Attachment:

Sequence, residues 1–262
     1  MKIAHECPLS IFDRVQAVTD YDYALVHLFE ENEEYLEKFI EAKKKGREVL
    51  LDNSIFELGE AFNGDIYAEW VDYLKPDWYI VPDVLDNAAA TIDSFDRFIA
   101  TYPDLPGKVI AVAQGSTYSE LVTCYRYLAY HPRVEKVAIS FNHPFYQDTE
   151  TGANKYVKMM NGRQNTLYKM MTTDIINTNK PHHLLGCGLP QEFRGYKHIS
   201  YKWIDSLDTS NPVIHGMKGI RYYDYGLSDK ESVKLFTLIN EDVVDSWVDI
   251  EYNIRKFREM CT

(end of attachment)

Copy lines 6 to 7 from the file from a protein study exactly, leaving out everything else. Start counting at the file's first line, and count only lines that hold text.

   201  YKWIDSLDTS NPVIHGMKGI RYYDYGLSDK ESVKLFTLIN EDVVDSWVDI
   251  EYNIRKFREM CT